Fourteen years ago, giving birth to her younger sister at home, Nisha Kumari’s mother died due to heavy blood loss. That burdened Nisha being the caretaker of her newborn sister. She was just 11 years old at that time.
Adding more misery to her life, two years later, her father died of jaundice leaving behind Nisha with her three brothers and two sisters. To look after their siblings, Nisha and the brother next to her, Sanjay was left with no other option than to stop going to school.
Nisha read till the 5th standard while Sanjay managed to read till the 7th standard. He now works as a construction labourer.
Alike Nisha and Sanjay, many here in Babubasti have to face a similar fate.
Babubasti, situated at Narengi in Assam's Guwahati, emerged as a slum some 40 years ago. Here at a stretch of 2 km, more than a hundred of families migrated from various disaster-prone and under-developed parts of Assam and Bihar are staying along the two sides of a railway line in dilapidated huts.
The slum lacks basic facilities of clean drinking water, sanitation, and drainage system among others. Families here in Babubasti, survive mainly on a daily wage, while the men are engaged in a variety of occupations such as driver, mason, street vendors etc., and the women work as house helpers in the neighbouring areas.
Subodh Ray, 29, who now works as a milkman had to stop attending school when he was just a 15-year-old boy. Due to poor economic conditions his parents couldn’t afford his studies.
Subodh said, “My father worked as a labourer. With a family of four members to feed, he couldn’t afford to send me to school. So I had to drop out of school in 9th standard. My brother also couldn’t read beyond 9th standard.”
In a survey carried out on 73 students in the slum, 35 had to leave school in different stages due to various problems of their families. That number amounts to 44 percent of the total population take into consideration. Of that 44 percent, the drop-out rate at elementary level (class I to class VIII) stands at 51.42 percent, while other 48.57 percent drops out at secondary level.
Among the boys out of 39, 21 that is 53.84 percent dropped out of school at different levels. These dropped out students later get engage as daily wagers.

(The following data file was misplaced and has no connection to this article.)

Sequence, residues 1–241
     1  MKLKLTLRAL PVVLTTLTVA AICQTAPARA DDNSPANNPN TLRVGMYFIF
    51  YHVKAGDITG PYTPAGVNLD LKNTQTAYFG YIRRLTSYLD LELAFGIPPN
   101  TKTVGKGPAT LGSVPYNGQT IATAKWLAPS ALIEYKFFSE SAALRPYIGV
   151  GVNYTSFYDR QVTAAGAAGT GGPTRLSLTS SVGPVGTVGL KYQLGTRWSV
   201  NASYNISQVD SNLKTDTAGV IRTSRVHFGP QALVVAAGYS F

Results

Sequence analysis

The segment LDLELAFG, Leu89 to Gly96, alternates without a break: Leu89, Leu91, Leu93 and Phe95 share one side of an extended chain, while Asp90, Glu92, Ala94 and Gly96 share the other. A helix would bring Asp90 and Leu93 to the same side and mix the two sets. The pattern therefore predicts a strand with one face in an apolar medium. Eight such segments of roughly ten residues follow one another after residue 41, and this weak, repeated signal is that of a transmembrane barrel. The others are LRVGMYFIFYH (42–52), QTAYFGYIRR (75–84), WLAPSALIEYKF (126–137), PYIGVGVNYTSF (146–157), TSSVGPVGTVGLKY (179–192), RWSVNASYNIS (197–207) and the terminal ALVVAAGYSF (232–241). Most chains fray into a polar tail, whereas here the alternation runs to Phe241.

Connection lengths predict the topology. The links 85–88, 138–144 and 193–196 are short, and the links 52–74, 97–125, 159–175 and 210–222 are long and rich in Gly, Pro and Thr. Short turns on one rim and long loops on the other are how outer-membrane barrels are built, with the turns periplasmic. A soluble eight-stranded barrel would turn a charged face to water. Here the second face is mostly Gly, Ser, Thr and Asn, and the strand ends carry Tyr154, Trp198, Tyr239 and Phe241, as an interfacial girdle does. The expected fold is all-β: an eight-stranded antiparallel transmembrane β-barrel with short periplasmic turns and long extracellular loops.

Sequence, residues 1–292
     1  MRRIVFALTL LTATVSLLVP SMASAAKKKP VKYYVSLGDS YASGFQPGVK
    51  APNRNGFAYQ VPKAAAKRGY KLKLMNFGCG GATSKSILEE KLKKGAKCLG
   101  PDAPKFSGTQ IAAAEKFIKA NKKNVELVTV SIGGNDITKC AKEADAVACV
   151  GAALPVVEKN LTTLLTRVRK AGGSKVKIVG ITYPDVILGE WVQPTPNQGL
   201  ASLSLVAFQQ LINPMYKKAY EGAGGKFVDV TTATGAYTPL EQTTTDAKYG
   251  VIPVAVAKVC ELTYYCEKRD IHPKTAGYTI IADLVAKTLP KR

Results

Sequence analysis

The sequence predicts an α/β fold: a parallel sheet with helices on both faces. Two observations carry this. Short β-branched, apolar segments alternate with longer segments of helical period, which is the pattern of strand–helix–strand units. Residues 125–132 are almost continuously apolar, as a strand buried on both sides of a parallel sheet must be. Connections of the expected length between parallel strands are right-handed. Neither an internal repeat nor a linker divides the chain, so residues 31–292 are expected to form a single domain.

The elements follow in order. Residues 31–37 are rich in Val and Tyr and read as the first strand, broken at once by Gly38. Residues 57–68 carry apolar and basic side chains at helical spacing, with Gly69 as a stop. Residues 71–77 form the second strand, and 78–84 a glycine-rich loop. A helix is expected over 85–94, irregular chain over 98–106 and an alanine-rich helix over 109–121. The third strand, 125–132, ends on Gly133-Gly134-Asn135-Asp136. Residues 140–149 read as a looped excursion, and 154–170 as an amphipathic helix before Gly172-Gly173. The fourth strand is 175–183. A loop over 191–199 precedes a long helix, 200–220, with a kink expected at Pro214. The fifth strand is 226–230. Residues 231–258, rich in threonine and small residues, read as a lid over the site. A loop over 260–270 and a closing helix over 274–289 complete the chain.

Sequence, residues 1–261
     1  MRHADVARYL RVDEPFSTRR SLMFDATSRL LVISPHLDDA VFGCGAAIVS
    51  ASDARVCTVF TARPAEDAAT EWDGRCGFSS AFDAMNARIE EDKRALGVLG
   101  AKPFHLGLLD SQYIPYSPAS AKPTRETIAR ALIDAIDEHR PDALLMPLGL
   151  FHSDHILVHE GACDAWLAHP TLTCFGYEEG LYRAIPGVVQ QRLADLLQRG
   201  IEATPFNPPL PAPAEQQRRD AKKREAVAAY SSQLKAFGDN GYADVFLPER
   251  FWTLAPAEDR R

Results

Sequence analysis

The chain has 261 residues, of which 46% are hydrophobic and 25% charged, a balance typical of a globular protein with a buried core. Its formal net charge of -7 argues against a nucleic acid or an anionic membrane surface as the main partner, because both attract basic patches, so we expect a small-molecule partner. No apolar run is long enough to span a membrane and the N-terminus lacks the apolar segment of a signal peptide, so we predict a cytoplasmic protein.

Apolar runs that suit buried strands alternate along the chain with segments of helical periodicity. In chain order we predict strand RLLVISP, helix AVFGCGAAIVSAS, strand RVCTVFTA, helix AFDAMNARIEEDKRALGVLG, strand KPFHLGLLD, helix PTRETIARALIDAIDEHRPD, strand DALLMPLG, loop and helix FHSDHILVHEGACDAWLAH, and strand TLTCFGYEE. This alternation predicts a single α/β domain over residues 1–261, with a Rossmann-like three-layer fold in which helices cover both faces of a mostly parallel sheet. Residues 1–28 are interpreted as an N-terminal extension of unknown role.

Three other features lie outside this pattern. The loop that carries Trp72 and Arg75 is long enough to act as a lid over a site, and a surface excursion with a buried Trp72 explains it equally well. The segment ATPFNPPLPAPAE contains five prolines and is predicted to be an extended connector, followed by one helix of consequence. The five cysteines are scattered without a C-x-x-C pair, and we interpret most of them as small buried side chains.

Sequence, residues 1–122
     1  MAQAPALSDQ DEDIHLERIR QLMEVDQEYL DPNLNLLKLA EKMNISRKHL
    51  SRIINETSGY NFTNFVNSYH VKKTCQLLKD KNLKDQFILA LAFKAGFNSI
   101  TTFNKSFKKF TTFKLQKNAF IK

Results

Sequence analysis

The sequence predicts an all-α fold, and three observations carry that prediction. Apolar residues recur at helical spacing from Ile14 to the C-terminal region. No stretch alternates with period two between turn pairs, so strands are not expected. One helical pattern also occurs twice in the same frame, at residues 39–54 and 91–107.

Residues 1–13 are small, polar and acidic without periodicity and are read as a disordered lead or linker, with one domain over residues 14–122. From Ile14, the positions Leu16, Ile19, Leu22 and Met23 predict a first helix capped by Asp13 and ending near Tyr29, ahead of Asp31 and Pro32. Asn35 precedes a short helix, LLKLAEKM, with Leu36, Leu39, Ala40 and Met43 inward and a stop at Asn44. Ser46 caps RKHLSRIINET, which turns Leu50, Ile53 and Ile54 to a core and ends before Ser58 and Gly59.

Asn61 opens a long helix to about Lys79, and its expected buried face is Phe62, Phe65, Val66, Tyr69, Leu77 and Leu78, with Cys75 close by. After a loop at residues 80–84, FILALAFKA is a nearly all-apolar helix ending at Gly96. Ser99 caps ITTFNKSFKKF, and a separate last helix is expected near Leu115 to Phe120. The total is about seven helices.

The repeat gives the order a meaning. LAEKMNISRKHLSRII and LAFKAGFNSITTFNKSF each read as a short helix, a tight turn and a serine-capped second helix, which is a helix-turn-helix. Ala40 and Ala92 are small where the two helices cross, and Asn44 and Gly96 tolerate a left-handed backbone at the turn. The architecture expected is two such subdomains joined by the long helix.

In case of the girls 12 out of 34 that is 35.29 percent dropped out of school.
The reason behind this trend of dropping out can be attributed to marginal income of the people living here in the slum. Though in government run schools, books and uniforms are provided to the students nowadays, the cost of other accessories obstruct the students from attending school.
Overcoming various odds, students here could hardly manage to secure marks that allow them to get seats in the government colleges in the city. For that many of them have to quit study after they pass the matriculation. The limited number of seats in these colleges is also a matter of serious concern.
Despite the hindrances the students are not short of dreams. Salma Yasmin, who is currently reading in Kanya Mahavidyalaya, Narengi wants to be a lawyer so that she can know the law and work for the betterment of people like her who are deprived of basic facilities.
As per a report on Unified District Information System For Education plus published by Ministry of Education, Govt. of India for the year 2020-21, with 31 percent Assam tops in school dropout percentage among the 28 states and 8 union territories in the country.
Bhaskar Kalita, a volunteer of YUVA (Youths Union for Voluntary Action) who is working in the slum for the last 2 years said, “Because of forced migration, slums are rapidly increasing in the city. Among various problems of the slums, the plight of the students is a matter of serious concern. We appeal to all the authorities concerned to improve the conditions and provide a healthy environment to the slum dwellers.”